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post #20001 of 22233
Quote:
Originally Posted by nexxusty View Post

That'd be the exact article. Thanks for elaborating zoson. It'd been so long the deets were a bit hazy. It's a good read nonetheless.

You been busy man? What have you been up to?
Yep, work's been killer. And recently the new iOS jailbreak has been consuming my time. I've still been lurking, and since I had insight into this particular topic, figured I'd post. wink.gif
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post #20002 of 22233
Quote:
Originally Posted by shampoo911 View Post

I hope so... I still think that 1.1906v on the cache is a bit high...

Btw. I have LLC on 9... Any impact on vcore?

LLC affects VCCIN directly on X99, not vcore. It can affect vcore indirectly (like too low VCCIN will starve all on-die rails). Sooo... Use a LLC setting that at least does not cause the VCCIN to raise when under load. Flat or a healthy amount of vdroop is the best way to go. If you are on the R5E, LLC 5 or 6 should be fine.
Load line Compensation (LLC) acts to reduce vdroop (by adding voltage) in an attempt to mitigate the overshoot ( V_os in the spec document) and undershoot that occurs when load changes (eg, when current at constant voltage changes.).
Edited by Jpmboy - 7/30/16 at 4:55am
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post #20003 of 22233
Quote:
Originally Posted by Jpmboy View Post

LLC affects VCCIN directly on X99, not vcore. It can affect vcore indirectly (like too low VCCIN will stave all on-die rails). Sooo... Use a LLC setting that at least does not cause the VCCIN to raise when under load. Flat or a healthy amount of vdroop is the best way to go. If you are on the R5E, LLC 5 or 6 should be fine.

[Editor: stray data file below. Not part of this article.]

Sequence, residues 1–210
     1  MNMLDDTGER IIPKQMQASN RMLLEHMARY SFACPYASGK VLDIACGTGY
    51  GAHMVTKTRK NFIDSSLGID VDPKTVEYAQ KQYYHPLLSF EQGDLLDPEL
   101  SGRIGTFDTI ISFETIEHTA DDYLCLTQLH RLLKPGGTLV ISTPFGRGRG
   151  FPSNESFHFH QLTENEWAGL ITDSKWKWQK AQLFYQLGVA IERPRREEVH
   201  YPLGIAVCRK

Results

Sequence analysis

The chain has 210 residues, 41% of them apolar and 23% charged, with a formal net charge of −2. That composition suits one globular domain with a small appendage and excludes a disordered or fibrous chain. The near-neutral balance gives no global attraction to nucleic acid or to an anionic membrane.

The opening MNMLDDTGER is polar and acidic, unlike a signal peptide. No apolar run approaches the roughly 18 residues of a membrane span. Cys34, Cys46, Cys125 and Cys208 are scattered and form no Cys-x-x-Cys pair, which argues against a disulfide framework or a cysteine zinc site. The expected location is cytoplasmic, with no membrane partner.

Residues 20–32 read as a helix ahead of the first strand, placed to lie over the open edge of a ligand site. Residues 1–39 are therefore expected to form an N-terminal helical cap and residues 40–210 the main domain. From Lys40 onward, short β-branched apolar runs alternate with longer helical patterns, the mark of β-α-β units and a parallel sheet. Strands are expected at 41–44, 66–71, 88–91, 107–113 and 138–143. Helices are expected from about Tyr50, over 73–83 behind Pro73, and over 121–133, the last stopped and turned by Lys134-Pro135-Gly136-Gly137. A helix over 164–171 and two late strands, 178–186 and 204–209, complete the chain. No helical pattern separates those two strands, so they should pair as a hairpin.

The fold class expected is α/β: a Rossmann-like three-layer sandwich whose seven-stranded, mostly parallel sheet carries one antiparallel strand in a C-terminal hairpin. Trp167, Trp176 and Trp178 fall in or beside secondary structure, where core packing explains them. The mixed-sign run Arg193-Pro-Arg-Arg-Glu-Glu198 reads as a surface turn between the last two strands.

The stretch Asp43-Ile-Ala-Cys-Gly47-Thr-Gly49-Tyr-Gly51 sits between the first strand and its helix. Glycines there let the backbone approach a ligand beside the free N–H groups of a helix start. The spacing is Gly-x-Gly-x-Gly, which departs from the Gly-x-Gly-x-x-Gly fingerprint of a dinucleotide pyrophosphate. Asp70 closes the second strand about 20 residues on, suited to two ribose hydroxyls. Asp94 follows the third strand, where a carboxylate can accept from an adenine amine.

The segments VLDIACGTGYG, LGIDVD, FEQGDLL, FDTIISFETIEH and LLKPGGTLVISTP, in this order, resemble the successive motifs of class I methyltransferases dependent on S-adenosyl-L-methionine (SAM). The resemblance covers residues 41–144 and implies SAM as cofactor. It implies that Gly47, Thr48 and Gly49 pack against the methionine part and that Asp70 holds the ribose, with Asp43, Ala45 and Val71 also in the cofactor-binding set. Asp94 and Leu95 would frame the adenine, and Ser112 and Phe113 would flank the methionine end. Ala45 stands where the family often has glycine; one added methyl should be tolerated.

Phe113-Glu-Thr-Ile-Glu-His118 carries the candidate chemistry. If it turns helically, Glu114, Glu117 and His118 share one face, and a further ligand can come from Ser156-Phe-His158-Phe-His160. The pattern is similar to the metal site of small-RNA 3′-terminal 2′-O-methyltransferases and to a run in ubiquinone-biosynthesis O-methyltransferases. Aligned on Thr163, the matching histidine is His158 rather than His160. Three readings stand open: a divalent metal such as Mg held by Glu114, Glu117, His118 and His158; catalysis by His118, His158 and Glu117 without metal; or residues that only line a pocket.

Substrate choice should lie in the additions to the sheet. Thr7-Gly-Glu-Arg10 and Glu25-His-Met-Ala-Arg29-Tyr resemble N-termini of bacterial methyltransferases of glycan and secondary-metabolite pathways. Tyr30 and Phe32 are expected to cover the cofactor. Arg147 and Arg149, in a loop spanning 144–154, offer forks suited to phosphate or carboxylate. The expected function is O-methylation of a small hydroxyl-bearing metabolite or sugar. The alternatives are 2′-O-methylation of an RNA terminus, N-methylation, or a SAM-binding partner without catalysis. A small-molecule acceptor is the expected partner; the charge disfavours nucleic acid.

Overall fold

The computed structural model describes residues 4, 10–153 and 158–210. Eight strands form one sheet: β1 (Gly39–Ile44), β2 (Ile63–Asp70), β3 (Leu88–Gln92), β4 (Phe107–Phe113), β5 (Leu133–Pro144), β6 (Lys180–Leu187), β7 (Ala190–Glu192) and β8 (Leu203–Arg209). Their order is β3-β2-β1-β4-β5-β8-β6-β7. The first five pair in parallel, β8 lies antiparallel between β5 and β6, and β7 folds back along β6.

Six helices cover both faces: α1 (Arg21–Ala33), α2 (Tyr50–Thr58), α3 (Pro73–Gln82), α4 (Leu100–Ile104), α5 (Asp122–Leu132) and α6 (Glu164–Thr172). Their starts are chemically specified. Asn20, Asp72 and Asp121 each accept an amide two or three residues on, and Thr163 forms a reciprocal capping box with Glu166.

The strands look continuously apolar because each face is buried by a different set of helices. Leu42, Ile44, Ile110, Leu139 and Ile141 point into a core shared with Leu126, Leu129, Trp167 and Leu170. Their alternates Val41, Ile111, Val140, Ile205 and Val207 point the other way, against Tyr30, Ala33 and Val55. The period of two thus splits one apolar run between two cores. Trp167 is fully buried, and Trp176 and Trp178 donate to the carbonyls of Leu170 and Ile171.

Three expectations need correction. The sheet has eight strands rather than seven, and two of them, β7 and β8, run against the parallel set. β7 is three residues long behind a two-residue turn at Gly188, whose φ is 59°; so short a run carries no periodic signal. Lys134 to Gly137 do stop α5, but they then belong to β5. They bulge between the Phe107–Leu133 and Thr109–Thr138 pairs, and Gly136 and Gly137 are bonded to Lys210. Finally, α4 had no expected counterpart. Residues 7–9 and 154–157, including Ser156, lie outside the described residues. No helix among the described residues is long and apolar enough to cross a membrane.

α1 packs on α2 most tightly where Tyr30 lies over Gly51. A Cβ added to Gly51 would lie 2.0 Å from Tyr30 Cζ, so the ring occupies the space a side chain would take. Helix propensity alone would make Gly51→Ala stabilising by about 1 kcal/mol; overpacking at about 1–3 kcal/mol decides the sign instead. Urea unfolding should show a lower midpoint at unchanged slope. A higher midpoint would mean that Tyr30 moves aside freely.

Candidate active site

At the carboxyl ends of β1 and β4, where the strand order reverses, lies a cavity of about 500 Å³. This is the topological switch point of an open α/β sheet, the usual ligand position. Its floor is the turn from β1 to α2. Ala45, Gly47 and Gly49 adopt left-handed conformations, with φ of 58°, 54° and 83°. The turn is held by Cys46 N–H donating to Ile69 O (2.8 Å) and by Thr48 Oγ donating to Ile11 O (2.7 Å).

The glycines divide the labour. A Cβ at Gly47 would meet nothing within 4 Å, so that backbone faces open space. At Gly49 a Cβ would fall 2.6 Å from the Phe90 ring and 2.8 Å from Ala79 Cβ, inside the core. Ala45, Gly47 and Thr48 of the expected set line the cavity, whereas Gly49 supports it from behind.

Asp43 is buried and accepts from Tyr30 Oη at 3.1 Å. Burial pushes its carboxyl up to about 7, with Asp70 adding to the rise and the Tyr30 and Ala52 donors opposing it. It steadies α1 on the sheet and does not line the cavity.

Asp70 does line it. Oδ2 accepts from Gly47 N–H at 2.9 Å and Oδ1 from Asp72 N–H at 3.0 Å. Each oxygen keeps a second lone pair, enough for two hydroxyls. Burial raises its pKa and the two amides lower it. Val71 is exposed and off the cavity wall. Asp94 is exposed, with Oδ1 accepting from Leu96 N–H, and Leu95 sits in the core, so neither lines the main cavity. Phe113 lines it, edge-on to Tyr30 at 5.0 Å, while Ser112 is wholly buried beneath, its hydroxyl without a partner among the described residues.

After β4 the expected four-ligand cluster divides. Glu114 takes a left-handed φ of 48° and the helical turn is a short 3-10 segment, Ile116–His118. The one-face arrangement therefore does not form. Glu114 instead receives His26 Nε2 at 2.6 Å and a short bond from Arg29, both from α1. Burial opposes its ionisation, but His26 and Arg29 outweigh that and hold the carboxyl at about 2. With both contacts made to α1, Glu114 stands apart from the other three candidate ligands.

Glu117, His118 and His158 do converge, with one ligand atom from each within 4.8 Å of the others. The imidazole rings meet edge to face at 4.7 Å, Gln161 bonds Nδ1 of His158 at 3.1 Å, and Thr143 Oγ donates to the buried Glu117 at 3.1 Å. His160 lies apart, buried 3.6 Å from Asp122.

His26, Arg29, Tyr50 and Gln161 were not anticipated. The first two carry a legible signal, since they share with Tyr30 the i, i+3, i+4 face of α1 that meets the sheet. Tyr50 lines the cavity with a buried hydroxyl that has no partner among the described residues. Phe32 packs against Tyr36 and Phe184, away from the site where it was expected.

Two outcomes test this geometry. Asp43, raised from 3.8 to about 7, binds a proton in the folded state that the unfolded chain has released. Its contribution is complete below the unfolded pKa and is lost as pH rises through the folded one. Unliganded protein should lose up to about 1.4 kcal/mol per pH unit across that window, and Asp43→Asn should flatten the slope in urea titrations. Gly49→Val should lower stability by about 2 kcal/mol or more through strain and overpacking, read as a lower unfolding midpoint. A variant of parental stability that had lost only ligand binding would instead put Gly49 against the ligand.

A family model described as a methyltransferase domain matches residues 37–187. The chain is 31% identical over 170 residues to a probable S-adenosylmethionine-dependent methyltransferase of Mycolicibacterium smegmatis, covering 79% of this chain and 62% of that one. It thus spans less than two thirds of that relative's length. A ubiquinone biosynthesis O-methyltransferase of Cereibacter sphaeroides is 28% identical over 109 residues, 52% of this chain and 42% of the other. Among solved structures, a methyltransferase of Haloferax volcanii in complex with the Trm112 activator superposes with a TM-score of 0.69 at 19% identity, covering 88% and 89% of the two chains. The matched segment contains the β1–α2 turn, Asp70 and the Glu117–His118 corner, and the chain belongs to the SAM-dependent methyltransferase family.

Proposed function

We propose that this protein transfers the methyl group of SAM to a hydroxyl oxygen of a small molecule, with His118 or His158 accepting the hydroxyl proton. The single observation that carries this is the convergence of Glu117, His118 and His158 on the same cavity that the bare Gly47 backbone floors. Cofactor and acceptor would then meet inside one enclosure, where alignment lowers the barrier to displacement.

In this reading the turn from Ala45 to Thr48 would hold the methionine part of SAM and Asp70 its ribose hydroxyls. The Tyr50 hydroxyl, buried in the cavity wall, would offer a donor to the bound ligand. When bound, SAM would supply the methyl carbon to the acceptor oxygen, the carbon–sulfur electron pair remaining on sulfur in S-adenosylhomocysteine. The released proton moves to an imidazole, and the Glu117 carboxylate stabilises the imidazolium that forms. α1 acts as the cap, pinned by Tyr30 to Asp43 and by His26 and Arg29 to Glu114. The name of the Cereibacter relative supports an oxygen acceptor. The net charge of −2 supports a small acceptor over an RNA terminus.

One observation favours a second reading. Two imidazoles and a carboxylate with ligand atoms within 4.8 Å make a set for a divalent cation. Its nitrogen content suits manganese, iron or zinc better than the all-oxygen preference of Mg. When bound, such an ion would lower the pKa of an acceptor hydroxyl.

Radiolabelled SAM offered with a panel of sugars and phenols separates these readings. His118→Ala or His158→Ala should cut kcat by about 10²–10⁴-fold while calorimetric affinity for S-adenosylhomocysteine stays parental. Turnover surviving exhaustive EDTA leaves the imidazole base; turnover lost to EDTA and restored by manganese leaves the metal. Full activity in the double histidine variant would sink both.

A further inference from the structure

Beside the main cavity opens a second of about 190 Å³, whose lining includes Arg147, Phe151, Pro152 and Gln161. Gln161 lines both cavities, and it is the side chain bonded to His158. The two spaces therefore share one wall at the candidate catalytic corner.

Load line Compensation (LLC) acts to reduce vdroop (by adding voltage) in an attempt to mitigate the overshoot ( V_os in the spec document) and undershoot that occurs when load changes (eg, when current at constant voltage changes.).
It still really depends on the CPU. My bad sample 5930k *requires* LLC 8 for any kind of stability when overclocked.
My 5960x does fine at LLC 6 for up to 4.5GHz but requires LLC 8 for >4.5GHz. I've always looked for 'flat' vcore in previous gens, and now yes flat VCCIN. As the anandtech article states, too high LLC causes problems when coming out of high load. But then again this issue is now well understood - so just reduce your LLC and bump vcore up if it happens.

Regardless, I don't think I've ever seen anyone document/provide proof that LLC alone has killed a CPU. It was always a combination of LLC and high voltage... Where the voltage could have killed the CPU on its own.
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post #20004 of 22233
@Jpmboy








so, the "MAXIMUM" column represents a 15 minutes run of RealBench...

the UEFI screenshots, are my current settings... any sugestions?
     
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post #20005 of 22233
Quote:
Originally Posted by zoson View Post

Yep, work's been killer. And recently the new iOS jailbreak has been consuming my time. I've still been lurking, and since I had insight into this particular topic, figured I'd post. wink.gif

I hear you there... just starting a rig building business myself, long haul. Hehe.

That's what you're up to now, cool man. I'm surprised you guys can keep Jailbreaking. Impressed would be the better word for it.

Always appreciate any additional insight from a member like you bro. Cheers.
post #20006 of 22233
Quote:
Originally Posted by zoson View Post

It still really depends on the CPU. My bad sample 5930k *requires* LLC 8 for any kind of stability when overclocked.
My 5960x does fine at LLC 6 for up to 4.5GHz but requires LLC 8 for >4.5GHz. I've always looked for 'flat' vcore in previous gens, and now yes flat VCCIN. As the anandtech article states, too high LLC causes problems when coming out of high load. But then again this issue is now well understood - so just reduce your LLC and bump vcore up if it happens.

Regardless, I don't think I've ever seen anyone document/provide proof that LLC alone has killed a CPU. It was always a combination of LLC and high voltage... Where the voltage could have killed the CPU on its own.
Voltage is meaningless regarding "kill", current kills (and only current can increase temperature). Voltage is only the potential that current (amps) is delivered at, when a "work request" is made. Sure, LLC does not kill a cpu - but transient spikes degrade them over time, This is why LLC continues to be programmed into bios - only on those rails subject to this effect (it's just the physics of current change at constant voltage). With the VR on x99, we have access only to vccin in this regard, all other voltages are stepped appropriately on the die.